I started off 2010 writing about the soundtrack to a television series for the first time. Now it’s time for another first: a movie musical. (You’re so excited I can hear you squealing with joy all the way from my couch.)
I know my choice of A Chorus Line: The Movie (1985) will be a bit controversial, particularly among fans of the stage show, but I don’t care. I grew up watching this movie, and since this column is (mostly) not a democracy, I’m going to write about whatever I want.
I will start out by telling you that I’ve never actually seen A Chorus Line on a stage, Broadway or otherwise. I know that’s a bit ridiculous since it’s one of the longest-running Broadway shows in history, and it had a touring production that probably made its way through my neck of the woods several times. I always wanted to see it, but it just never worked out.
I do, however, have the album of the original 1975 Broadway cast recording, and I’ve listened to it many, many times. So while I can’t speak from firsthand experience about the differences between the movie and the stage show, I can at least speak about the differences in the songs.
I know I’ve told you several times about my unhealthy obsession with 1980s dance movies, and director Richard Attenborough’s film adaptation of A Chorus Line came out right at the height of my interest in the genre, so of course I was immediately obsessed with it. I watched it over and over on cable, even recording it on a blank VHS tape, which I proceeded to wear out. I eventually bought the soundtrack on cassette with birthday money when I was ten years old and played it to death on my boombox.
I still have that cassette, and until recently it was the only way I could listen to the now out-of-print soundtrack album. But I finally got my hands on a copy of the CD, and now you get to benefit from my find (well, some of you might think you’re benefiting).
For those of you who’ve never seen the stage show (like me) or the movie, and have no idea what the story’s about, A Chorus Line centers on a group of dancers auditioning for the chorus of a Broadway production. It features 19 main characters, most of whom are the auditioning dancers, and is set on the bare stage of a Broadway theater. Based on taped conversations Michael Bennett, the show’s creator, had with a group of dancers he knew, A Chorus Line provides an inside look at the personalities of the performers and their choreographer as they talk about the events that have shaped their lives and why they decided to become dancers.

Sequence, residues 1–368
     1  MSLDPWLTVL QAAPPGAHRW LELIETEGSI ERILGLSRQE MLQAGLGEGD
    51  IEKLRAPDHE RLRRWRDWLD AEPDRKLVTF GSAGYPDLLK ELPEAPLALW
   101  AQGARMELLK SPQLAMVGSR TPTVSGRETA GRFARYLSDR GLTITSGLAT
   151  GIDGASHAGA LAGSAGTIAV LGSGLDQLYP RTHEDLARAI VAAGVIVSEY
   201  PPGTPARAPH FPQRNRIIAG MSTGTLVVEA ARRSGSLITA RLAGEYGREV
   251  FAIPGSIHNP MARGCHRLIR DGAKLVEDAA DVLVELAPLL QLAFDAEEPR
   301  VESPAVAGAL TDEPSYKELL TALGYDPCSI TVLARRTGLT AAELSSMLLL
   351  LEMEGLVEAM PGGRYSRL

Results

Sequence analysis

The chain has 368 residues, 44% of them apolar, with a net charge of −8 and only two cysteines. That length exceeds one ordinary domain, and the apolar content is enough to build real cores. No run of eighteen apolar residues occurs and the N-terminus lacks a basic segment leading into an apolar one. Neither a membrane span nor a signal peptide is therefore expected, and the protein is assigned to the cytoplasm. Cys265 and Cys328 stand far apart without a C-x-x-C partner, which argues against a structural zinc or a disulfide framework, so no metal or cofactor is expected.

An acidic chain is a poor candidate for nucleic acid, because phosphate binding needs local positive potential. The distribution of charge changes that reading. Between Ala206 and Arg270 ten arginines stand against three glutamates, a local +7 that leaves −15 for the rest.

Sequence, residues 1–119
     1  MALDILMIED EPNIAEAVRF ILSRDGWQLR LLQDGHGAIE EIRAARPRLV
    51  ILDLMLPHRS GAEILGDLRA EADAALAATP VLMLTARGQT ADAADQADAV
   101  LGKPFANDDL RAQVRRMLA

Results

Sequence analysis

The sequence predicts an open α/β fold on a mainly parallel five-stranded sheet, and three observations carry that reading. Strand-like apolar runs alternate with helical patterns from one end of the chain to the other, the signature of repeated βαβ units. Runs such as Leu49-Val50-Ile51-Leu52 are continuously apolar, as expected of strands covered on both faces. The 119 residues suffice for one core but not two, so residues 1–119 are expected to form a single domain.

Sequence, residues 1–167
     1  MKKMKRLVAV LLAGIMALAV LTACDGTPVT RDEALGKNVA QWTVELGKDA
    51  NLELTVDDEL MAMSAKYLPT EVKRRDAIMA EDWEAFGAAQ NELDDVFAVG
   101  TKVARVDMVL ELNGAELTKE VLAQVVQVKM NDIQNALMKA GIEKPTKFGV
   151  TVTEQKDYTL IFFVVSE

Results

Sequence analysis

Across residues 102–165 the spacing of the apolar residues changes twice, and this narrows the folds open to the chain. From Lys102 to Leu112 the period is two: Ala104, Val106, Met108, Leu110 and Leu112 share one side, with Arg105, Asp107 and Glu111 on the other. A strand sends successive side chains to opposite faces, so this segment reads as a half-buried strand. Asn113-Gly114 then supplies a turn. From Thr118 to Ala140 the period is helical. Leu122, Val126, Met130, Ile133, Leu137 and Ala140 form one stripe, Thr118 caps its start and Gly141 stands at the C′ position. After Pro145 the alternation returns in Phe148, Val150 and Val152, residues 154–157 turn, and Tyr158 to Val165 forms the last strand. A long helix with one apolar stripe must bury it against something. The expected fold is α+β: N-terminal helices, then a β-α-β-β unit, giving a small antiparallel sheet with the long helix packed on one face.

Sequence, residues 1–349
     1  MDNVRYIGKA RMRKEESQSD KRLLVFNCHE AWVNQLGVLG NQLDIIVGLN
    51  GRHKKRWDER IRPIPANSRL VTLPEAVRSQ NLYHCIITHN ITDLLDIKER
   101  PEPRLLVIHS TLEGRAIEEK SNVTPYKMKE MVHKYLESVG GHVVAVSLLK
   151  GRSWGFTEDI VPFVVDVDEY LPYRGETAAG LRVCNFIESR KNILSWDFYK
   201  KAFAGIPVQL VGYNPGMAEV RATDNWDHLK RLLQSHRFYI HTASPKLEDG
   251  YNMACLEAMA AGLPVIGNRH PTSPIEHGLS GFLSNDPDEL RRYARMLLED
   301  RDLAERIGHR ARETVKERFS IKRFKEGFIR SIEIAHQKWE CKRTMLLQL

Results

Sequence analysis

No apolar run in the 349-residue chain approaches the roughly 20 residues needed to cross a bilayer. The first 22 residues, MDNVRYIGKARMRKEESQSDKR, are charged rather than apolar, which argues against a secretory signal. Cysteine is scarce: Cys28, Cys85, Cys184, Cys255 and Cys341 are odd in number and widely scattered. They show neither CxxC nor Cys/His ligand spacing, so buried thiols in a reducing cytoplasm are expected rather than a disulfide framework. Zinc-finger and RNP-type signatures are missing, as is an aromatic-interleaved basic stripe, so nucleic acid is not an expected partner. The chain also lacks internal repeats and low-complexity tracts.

To give you a little taste of the stage show, here’s a video of the original 1975 cast performing A Chorus Line‘s opening number, “I Hope I Get It,” on the 1976 Tony Awards telecast:
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And here are a couple of trailers for the movie:
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The Broadway show was a smash hit and won nine Tonys, including Best Musical, Best Original Score (Marvin Hamlisch and Edward Kleban), Best Direction of a Musical (Bennett), and several of the major acting awards in the musical category. It also won the Pulitzer Prize for Drama in ’76. A Chorus Line holds the record as the fourth longest-running Broadway show ever, and the longest-running Broadway musical originally produced in the United States.
Of course, when something on Broadway is as big a hit as A Chorus Line was, Hollywood inevitably comes calling. But the film’s production was rife with problems from the start.
Michael Bennett walked away after his proposal to present the movie as an audition for the movie version of the Broadway show was rejected. (Eventually, something along the lines of his idea was realized in the excellent 2008 documentary Every Little Step, which explores the history of A Chorus Line and documents the audition process for the 2006 Broadway revival.)
Multiple directors turned down the film because they felt the story would be too difficult to translate from stage to screen. Eventually, Attenborough, who won the Oscar for Best Director for his previous film, 1982’s Gandhi, signed on, with Arnold Schulman writing the screenplay. Hamlisch and Kleban also signed on, composing two new pieces and reworking some of their songs from the stage show. Michael Douglas was cast as Zach, the show-within-a-show’s director; he was the only major Hollywood star to appear in the film.
There are some pretty major differences between the film and stage versions. Here are some of the notable changes:
- “Sing!,” the duet between Al and Kristine, is completely omitted.
- Cassie’s number, “The Music and the Mirror,” is replaced with the less effective “Let Me Dance for You,” which was written specifically for the film but contains some of the original instrumental sections from the song it replaced.
- The new song “Surprise, Surprise” replaces the montage that includes “Hello 12, Hello 13, Hello Love” and “Gimme the Ball,” although one verse of the former is heard in the film; the monologues of Mark, Connie, Judy, and Greg that are part of this number are delivered as straight dialogue in other sections of the film. Interestingly, “Surprise, Surprise,” which is performed by Gregg Burge, as Richie, was nominated for the Academy Award for Best Original Song in 1986.